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Keywords:

  • novel vaccine candidate;
  • process development;
  • cGMP lot of vaccine

Abstract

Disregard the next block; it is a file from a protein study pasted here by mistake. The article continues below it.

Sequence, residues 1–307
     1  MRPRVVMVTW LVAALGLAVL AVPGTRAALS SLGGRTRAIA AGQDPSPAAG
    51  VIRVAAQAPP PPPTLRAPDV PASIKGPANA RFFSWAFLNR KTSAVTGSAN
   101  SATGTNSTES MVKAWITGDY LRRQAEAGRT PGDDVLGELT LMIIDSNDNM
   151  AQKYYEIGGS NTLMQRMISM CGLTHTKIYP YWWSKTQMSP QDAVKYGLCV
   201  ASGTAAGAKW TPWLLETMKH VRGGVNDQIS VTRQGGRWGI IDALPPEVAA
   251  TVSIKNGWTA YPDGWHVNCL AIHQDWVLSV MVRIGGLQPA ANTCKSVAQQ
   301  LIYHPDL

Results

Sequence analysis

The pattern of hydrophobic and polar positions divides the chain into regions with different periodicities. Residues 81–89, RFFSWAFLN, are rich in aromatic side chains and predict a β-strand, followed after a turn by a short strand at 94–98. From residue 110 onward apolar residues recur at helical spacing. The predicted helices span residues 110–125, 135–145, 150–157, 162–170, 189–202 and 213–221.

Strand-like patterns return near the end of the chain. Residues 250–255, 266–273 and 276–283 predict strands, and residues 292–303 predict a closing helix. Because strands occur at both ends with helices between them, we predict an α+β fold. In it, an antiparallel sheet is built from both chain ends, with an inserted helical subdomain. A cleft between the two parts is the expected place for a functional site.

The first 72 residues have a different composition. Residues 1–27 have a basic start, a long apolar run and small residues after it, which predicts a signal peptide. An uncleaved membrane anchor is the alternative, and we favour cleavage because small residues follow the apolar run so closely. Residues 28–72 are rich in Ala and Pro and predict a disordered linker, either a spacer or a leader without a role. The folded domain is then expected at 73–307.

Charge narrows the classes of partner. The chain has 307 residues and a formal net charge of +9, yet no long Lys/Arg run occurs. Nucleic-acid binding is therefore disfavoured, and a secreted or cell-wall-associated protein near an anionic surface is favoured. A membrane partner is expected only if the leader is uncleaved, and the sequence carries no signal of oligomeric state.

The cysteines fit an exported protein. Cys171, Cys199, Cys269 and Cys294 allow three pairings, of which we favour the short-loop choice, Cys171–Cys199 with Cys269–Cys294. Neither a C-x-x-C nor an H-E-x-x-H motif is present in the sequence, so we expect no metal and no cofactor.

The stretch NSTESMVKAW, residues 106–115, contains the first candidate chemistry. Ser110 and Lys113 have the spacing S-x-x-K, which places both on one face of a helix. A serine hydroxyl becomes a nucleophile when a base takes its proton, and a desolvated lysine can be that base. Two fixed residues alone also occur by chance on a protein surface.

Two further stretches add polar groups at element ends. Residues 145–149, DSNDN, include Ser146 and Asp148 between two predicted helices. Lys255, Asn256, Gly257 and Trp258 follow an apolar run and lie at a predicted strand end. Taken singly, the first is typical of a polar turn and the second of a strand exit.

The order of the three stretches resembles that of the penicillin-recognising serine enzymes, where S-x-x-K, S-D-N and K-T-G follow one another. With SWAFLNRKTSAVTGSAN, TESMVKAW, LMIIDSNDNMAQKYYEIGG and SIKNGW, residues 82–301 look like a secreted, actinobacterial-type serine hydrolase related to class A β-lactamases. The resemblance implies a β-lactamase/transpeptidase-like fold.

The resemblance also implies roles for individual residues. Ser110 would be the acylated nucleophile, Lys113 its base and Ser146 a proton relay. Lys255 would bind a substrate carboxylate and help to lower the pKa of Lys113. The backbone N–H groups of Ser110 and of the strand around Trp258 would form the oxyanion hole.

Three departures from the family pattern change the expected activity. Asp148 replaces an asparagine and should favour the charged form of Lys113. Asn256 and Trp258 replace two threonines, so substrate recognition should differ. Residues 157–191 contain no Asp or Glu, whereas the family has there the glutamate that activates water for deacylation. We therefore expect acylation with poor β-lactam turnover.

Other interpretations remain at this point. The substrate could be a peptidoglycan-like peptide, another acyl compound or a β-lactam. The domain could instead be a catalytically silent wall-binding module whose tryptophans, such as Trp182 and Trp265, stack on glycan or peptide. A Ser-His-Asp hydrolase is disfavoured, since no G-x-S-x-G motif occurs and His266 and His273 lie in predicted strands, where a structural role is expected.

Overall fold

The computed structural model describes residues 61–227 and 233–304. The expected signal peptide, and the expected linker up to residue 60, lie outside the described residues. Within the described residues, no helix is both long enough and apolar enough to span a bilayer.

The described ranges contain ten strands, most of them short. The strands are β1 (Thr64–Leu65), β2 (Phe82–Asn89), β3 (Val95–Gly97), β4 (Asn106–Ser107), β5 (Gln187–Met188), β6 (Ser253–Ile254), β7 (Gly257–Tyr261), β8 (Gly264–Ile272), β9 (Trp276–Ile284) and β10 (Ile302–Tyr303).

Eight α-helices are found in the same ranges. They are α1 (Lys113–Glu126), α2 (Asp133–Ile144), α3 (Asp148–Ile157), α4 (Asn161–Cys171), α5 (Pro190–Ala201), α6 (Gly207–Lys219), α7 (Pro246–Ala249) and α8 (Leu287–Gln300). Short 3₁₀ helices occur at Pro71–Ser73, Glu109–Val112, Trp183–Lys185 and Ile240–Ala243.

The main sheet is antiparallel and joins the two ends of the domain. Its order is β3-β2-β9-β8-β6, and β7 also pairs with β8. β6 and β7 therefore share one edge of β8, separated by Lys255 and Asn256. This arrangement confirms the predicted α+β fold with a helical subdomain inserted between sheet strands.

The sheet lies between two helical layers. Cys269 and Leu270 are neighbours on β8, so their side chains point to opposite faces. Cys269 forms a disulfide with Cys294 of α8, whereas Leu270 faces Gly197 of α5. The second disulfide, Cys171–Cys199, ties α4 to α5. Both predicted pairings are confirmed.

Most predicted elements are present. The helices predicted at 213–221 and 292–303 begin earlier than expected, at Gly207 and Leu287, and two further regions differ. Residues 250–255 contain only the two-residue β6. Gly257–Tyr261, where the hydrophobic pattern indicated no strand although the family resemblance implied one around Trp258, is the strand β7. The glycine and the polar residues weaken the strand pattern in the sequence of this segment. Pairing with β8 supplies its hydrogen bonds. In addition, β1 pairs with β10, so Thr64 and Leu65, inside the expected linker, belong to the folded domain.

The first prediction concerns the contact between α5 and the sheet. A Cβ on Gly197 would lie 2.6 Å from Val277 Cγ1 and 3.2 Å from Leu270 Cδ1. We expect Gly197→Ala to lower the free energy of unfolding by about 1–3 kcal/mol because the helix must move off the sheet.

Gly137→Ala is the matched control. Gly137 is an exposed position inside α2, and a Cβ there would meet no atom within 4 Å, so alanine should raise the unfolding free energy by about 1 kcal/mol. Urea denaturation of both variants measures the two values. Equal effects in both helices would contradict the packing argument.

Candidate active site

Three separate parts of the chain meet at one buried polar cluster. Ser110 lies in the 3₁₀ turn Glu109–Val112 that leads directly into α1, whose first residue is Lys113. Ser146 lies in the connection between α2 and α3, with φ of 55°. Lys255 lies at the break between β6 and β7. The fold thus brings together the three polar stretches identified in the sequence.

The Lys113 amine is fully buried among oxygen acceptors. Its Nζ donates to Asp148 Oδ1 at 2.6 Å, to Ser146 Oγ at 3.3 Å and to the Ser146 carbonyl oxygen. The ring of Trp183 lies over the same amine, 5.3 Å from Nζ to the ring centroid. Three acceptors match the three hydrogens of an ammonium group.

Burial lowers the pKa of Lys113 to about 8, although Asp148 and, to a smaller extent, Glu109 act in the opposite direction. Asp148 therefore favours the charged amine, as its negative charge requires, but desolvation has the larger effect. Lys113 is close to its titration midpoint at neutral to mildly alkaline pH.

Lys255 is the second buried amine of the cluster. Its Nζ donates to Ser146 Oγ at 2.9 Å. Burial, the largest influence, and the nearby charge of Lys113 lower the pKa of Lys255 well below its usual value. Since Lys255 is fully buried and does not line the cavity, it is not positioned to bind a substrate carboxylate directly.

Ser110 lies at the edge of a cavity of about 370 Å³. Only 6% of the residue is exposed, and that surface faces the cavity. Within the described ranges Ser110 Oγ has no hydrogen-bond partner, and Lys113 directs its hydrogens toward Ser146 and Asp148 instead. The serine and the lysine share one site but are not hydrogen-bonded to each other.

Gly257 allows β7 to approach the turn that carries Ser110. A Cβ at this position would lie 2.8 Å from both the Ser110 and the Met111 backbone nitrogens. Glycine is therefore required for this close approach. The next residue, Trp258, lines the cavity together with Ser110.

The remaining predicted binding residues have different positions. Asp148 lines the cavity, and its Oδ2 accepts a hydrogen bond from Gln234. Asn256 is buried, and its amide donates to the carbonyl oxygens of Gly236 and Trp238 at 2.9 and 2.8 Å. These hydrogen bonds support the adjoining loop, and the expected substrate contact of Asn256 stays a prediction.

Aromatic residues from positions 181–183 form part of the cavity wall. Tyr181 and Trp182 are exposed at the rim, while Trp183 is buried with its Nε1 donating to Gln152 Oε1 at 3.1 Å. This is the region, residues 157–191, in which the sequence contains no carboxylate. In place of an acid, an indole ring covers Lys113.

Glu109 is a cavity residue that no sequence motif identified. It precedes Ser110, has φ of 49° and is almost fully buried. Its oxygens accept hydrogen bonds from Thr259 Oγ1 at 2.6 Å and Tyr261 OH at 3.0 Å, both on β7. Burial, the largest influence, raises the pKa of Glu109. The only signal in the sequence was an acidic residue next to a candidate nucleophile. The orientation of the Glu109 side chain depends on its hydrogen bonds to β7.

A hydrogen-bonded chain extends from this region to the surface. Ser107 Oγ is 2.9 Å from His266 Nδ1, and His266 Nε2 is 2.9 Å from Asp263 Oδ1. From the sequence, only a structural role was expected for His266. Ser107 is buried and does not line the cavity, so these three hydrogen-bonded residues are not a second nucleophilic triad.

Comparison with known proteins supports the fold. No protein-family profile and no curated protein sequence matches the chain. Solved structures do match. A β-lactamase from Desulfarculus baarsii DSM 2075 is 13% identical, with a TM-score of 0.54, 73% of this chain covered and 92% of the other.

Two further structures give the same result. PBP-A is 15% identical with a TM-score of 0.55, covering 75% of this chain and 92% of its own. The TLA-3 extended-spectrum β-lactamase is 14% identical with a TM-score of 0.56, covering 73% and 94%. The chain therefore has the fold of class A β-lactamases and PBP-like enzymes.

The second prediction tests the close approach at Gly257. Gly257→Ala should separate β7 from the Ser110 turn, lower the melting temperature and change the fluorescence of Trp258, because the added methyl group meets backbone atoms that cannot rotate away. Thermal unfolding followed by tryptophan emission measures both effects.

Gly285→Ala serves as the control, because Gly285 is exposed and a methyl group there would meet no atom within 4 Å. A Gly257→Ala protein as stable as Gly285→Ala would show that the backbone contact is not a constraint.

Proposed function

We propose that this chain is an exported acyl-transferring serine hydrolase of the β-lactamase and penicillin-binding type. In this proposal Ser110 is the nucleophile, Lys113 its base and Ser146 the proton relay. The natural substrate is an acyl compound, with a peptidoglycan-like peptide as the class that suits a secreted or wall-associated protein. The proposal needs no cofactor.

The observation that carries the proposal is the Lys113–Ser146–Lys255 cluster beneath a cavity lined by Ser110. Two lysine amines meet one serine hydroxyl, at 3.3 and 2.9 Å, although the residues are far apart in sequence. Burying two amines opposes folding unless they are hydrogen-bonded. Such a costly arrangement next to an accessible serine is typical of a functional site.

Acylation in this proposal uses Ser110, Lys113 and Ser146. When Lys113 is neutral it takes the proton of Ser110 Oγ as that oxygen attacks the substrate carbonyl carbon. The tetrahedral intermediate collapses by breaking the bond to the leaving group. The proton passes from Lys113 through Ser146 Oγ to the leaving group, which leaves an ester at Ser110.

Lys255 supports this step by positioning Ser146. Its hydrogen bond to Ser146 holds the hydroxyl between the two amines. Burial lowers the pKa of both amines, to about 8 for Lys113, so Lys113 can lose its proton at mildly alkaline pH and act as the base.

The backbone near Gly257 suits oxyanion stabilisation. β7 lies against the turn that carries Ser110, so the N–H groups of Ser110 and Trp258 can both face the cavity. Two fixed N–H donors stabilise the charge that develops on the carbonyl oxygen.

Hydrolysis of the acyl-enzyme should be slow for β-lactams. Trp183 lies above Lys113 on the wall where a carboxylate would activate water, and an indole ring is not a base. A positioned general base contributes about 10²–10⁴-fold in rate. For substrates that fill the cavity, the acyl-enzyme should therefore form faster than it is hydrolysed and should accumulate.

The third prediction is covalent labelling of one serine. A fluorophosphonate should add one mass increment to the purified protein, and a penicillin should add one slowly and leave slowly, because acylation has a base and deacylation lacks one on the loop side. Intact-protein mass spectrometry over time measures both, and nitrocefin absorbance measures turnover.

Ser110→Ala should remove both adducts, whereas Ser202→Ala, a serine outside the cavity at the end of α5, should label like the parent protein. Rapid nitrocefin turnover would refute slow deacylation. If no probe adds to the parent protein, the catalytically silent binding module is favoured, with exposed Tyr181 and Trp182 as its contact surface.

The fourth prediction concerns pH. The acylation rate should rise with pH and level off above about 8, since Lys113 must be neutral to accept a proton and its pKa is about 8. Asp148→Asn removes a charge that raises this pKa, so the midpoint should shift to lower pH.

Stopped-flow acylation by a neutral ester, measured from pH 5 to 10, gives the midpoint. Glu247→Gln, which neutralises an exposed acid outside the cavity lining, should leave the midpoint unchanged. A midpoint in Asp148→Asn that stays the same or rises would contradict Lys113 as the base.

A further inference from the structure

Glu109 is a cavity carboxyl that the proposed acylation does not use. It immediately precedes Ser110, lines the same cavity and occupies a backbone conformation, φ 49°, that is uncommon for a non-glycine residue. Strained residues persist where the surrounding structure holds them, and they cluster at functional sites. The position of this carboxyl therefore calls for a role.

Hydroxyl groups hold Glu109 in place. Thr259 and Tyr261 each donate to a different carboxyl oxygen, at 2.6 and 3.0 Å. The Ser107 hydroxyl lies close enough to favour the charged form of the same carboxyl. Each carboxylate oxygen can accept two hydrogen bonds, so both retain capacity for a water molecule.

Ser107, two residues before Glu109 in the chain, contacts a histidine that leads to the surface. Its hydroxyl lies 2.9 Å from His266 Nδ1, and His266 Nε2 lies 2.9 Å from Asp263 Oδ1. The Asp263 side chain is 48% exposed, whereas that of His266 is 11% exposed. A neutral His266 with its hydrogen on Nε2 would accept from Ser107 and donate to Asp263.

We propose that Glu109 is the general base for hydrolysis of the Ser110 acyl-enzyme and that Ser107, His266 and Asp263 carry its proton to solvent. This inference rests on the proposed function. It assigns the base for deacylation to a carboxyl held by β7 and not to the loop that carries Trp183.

Ricin is a potent toxin and a potential bioterrorism weapon with no specific countermeasures or vaccines available. The holotoxin is composed of two polypeptide chains linked by a single disulfide bond: the A-chain (RTA), which is an N-glycosidase enzyme, and the B-chain (RTB), a lectin polypeptide that binds galactosyl moieties on the surface of the mammalian target cells. Previously (McHugh et al.), a recombinant truncated form of RTA (rRTA1-33/44-198 protein, herein denoted RVEa™) expressed in Escherichia coli using a codon-optimized gene was shown to be non-toxic, stable, and protective against a ricin challenge in mice. Here, we describe the process development and scale-up at the 12 L fermentation scale, and the current Good Manufacturing Practice (cGMP)-compliant production of RVEc™ at the 40 L scale. The average yield of the final purified bulk RVEc™ is approximately 16 g/kg of wet cell weight or 1.2 g/L of fermentation broth. The RVEc™ was >99% pure by three HPLC methods and SDS-PAGE. The intact mass and peptide mapping analysis of RVEc™ confirmed the identity of the product and is consistent with the absence of posttranslational modifications. Potency assays demonstrated that RVEc™ was immunoprotective against lethal ricin challenge and elicited neutralizing anti-ricin antibodies in 95–100% of the vaccinated mice. Published 2011 American Institute of Chemical Engineers Biotechnol. Prog., 2011.